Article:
early occupational pension schemes
Occupational pensions were provided for a limited number of government employees in the seventeenth and eighteenth centuries (see the Medieval and Early Modern Periods section of the website for more information). Some private companies began to follow suit in the nineteenth century. The majority covered middle class workers in clerical and administrative positions.
Early company pension schemes
The first company pension schemes were set up in the late seventeenth century in private firms associated with the government, such as the Bank of England and East India Company. At the Bank of England the first pension was granted in 1739 and further grants were made on a discretionary basis. The Bank's Superannuation Fund was established in 1933: prior to that date pensions had been paid out of the Bank's profits.
One of the earliest private occupational pension schemes was the Chartered Gas Light and Coke Company Superannuation Fund, set up in 1841. This fund was uncovered in the course of PAT's Pensions Research Guide Project's survey of London Metropolitan Archives' collections. Many railway companies established pension schemes for their staff in the from the middle of the nineteenth century, and firms such as Reuters (1882), WH Smith (1894), Colmans (1899), Courtaulds, Boots, Kenricks, and J and P Coats also set up pension schemes for their staff in the late nineteenth and early twentieth century.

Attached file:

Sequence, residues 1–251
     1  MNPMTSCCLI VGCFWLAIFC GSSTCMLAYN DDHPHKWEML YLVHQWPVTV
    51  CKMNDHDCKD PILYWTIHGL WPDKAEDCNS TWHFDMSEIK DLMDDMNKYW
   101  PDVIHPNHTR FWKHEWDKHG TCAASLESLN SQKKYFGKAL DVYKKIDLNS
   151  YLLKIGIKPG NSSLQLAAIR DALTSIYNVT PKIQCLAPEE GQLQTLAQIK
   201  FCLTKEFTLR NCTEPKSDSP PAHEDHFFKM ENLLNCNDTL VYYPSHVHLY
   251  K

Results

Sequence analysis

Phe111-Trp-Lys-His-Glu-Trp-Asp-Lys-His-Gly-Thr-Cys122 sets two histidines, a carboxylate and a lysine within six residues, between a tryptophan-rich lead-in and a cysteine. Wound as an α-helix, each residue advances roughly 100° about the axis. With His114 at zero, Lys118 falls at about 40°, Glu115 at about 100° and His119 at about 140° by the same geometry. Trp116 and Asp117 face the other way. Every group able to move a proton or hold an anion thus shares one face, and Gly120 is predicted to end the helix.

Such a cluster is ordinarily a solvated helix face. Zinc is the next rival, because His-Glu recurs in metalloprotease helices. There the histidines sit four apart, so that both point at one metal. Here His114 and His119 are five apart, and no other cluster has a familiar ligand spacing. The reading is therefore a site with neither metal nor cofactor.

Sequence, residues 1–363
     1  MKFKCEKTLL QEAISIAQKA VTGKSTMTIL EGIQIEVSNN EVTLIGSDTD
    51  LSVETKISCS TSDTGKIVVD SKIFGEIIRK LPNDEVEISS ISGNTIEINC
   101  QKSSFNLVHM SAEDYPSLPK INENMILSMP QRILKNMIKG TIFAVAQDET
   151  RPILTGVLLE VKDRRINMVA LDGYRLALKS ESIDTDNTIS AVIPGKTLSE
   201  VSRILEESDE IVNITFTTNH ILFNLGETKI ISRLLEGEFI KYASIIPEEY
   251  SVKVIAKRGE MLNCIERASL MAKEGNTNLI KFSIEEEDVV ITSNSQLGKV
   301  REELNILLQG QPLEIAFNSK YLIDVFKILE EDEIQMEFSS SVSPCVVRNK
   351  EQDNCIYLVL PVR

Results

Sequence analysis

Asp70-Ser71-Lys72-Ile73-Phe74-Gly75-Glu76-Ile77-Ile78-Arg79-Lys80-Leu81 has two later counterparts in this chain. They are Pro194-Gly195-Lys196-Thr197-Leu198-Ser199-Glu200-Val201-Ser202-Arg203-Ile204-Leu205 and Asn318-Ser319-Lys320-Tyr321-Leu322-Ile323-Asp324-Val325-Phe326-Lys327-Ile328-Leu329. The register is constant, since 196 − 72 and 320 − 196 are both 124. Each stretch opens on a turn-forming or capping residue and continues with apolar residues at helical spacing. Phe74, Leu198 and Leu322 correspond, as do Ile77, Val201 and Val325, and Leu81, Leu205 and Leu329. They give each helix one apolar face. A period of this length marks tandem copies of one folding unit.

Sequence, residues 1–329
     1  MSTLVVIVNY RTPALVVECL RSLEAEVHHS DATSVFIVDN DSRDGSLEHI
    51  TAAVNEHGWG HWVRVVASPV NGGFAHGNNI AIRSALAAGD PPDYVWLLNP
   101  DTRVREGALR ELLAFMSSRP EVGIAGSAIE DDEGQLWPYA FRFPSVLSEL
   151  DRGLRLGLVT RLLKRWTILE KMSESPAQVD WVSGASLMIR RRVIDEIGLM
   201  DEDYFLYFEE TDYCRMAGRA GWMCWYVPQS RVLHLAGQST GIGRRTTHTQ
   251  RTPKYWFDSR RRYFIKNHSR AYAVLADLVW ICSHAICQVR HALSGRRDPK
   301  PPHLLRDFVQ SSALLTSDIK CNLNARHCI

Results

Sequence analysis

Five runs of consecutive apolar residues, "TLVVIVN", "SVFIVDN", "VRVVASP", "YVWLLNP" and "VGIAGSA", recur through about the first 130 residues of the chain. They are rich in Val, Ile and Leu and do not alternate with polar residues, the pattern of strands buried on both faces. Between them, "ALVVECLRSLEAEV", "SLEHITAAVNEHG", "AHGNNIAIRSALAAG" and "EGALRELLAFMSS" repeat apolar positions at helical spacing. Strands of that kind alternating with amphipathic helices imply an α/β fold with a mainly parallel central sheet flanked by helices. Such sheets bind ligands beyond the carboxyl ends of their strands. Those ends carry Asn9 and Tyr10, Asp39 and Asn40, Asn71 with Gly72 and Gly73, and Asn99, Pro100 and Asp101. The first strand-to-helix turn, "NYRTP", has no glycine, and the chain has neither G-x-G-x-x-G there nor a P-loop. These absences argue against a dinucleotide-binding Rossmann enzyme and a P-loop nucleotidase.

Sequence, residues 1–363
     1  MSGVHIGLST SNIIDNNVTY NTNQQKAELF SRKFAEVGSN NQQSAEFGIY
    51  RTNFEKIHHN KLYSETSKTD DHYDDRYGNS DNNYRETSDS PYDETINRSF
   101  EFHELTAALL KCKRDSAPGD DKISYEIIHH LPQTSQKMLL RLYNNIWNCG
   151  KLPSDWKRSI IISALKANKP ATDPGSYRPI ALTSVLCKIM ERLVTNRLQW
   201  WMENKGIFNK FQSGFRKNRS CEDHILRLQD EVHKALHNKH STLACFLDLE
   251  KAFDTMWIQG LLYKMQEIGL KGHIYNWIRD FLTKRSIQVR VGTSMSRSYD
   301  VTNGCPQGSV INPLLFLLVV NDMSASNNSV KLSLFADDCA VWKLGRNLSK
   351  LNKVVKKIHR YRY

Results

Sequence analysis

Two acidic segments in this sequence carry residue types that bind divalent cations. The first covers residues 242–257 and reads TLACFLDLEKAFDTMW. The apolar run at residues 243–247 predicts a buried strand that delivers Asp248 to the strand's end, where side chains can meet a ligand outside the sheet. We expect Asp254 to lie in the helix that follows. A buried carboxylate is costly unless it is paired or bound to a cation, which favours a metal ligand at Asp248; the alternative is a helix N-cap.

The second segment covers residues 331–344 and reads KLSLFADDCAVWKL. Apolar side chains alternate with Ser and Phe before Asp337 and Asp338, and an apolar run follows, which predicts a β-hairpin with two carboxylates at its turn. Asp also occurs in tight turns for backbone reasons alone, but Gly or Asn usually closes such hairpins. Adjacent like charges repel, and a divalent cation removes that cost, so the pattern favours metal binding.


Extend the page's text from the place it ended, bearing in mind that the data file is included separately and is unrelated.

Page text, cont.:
More information on the Chartered Gas Light and Coke Company Superannuation Fund
More information on the history of railway pensions
More information on the Reuters Pension Fund
Pat Thane suggests that some of the companies who first adopted pension schemes for their staff in the nineteenth century were motivated by the desire to retain staff by encouraging loyalty to the company, but many were also motivated by a paternal concern for the welfare of long serving staff. For example Rowntree's and Cadbury, firms who demonstrated great concern for the welfare of their staff, established pension schemes at the start of the twentieth century. It also represented a way of ensuring efficiency in manual occupations by encouraging older staff to retire and in some industries, such as mining, pension benefits may have been used as a way of calming industrial relations.
Expansion of public sector pensions
The 1890s saw other public sector employees being granted pensions modelled on the civil service scheme, including teachers, the police (1890) and poor law officials (1896). A uniform pension scheme for local government staff was established in 1922.
 Pat Thane, Old Age in English History, p. 244.
Chairman - Alan Herbert Secretary - Grant Lore